Fjord was surefooted on deck, under normal circumstances. For the most part, this was normal circumstances. Clear skies, favorable winds, kind waters, long and uneventful open sea between ports.
But, right now, he was learning an art: that of swordsmanship.
His study was clumsy at best.
Vandran stepped around a graceless forward thrust and shoved him between the shoulder blades. Fjord stumbled three steps across the deck of the Tide's Breath. He kept on his feet—barely—and whipped around, sword raised in an approximation of defensively, expecting Vandran to be right behind in mid-swing. But, Vandran kept a polite distance.
"You're afraid that I'll strike first," Vandran said. "You move before you're ready. Haste is the only thing you'll find when you go searching for speed, and it's a bigger problem than I'll ever be. Stop trying to move faster than I do."
It was a familiar lecture, one made countless times over the hours and days and weeks Vandran so far invested into teaching Fjord the correct way to hold a sword: There's no reason to move your blade quickly so long as you get it there at the right time. With control, you find the most efficient way to move. With patience, you find the best moment to strike.
Fjord never seemed to pick up the lesson. "I'm sorry."
"Apologize by learning, then by doing better." Vandran's voice cast no aspersions, but Fjord felt one regardless. Vandran motioned to start over. "Let's try again."
Not that this new round felt better, nor the next, nor the handful after that.
Vandran parried with a leisure that stoked something in Fjord's tightly-leashed temper. Fjord recovered from the denied swing—well aware Vandran generously allowed it—and he lashed out with a thoughtless swipe. Vandran dodged that one as well long before Fjord moved into the motion.
He felt Vandran's hand rough on the back of his neck and felt Vandran's boot collide with his shin. His weight went out from under him, and he was unceremoniously thrown down across the deck. His sharp inhale of surprise was forced back out of his lungs as he slammed into damp wood. He lost his grip on his sword.
Scattered laughter rang out around the deck. Someone clapped slowly.
"This isn't a show. Back to work." Vandran's voice carried an annoyed edge. Fjord couldn't tell if it was because of him or the others.
It was a sudden struggle to breathe, but Fjord tried to ignore it and moved to make it back onto his feet. He got himself up to one elbow before his body started to reflexively curl around the pain in his chest. It felt like his lungs were sticking to the inside of his ribs.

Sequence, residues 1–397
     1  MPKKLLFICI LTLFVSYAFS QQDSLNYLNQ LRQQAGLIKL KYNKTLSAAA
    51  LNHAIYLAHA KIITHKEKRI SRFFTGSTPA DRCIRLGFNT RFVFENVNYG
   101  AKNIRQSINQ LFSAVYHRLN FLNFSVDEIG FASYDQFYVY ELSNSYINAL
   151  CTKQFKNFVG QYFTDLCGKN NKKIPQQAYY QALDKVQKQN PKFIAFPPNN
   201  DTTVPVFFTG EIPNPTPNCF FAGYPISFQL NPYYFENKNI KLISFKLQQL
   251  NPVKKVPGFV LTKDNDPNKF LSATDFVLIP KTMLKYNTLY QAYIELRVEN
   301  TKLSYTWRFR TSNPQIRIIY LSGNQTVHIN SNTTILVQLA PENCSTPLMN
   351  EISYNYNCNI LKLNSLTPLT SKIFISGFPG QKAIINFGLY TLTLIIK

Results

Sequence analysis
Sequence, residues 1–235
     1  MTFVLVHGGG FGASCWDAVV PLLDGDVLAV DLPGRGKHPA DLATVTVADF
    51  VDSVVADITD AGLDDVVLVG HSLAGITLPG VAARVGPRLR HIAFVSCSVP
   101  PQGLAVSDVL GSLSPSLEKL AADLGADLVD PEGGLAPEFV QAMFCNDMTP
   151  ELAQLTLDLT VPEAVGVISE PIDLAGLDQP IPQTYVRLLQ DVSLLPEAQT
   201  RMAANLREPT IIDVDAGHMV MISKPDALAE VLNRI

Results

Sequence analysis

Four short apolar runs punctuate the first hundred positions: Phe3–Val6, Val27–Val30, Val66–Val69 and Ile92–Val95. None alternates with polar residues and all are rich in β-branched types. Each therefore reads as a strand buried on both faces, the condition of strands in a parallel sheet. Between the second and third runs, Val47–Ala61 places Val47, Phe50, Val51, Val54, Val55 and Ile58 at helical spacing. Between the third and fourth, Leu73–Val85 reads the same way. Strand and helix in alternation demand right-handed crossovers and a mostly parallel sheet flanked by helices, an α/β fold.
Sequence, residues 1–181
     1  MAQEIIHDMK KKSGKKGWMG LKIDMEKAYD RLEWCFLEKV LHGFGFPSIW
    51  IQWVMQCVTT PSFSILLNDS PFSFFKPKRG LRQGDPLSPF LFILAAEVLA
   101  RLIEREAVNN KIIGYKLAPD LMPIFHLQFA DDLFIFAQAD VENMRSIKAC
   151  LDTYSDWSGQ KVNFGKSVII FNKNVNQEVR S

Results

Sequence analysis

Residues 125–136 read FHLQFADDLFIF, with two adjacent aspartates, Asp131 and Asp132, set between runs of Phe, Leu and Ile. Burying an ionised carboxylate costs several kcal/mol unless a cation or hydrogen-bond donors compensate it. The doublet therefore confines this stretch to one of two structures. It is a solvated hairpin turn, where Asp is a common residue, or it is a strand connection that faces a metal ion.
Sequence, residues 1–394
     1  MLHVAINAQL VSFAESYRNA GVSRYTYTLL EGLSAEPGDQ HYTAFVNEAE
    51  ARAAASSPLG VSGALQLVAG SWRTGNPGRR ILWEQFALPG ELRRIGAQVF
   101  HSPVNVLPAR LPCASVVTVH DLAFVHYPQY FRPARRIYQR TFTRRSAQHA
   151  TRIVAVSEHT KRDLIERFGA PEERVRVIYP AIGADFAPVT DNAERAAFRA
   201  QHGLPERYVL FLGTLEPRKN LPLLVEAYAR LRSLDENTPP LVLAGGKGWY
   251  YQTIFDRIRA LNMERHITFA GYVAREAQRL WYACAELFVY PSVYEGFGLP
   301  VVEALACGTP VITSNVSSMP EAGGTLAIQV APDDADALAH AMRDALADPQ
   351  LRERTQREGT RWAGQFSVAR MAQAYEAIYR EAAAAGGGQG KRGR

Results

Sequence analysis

"You alright?" Vandran's voice was close. Fjord hadn't noticed him approaching. In the periphery of his vision, he saw Vandran crouch down beside him. "Can you stand?"
Fjord tried to speak yes, but it came out a sharp gasp.
There was inhospitably-toned chatter toward the stern, indistinct to Fjord's ears, but Vandran barked off in that direction, "When I said get back to fucking work, that included you, Baccarin, Mayfair."
Fjord tried to push himself up again, at least to sitting upright, but he felt Vandran's hand lightly on his shoulder. "Hey, take your time. It's a long way through the rest of the day." Vandran sat on his heels, laid his sword across his knees, and waited.
Fjord took more time than he would've liked.
Vandran hummed idly to himself some slow, low-throated tune Fjord didn't recognize while he waited. Just as idly, he observed aloud, "You are improving. Faster than you think you are."
Fjord coughed. "How do you know what I think?"
Vandran gave a single hmph! of a laugh. "If you can ask questions, you can stand." He rose and offered a hand. Fjord took it and allowed himself to be pulled to his feet.
Fjord scooped his sword back up off the deck. As he did, Vandran circled around him, moving away in a wider and wider radius. "Remember: control, patience. Discipline." He stopped.
Fjord readied his sword.
Vandran didn't. He held his down at his side, point of the blade extended outward just so. "Steady." He brought the sword upward, blade vertical, the hilt in his hand inches from his face.
Fjord mirrored him—sword at his side, then swung up into the same salute.
Vandran held. "Breathe."
Fjord took in a shallow, shuddering breath. He impatiently blew it back out.
"You're not listening." Vandran's voice was firm but not unkind. Vandran inhaled slowly and deliberately, and he released that breath again in a deep, almost sighing exhale. "Breathe, Fjord. Breathe."
Fjord took another breath, a little deeper than the first. Still unsatisfactory, as Vandran repeated the instruction—breathe. Fjord closed his eyes. He drew another breath, slowly measuring it out until it reached into the bottom of his chest. Then, he measured out another, and again, and another. For a moment, there was only the increasing steadiness of his breathing and the salt on the wind in his still-aching lungs. He lived in that unceasing moment for a bit.
He opened his eyes.
Vandran still stood exactly as he did. Waiting. Watching. But, smiling.
"Excellent." Vandran dropped his arm to ready his sword. "Back to work."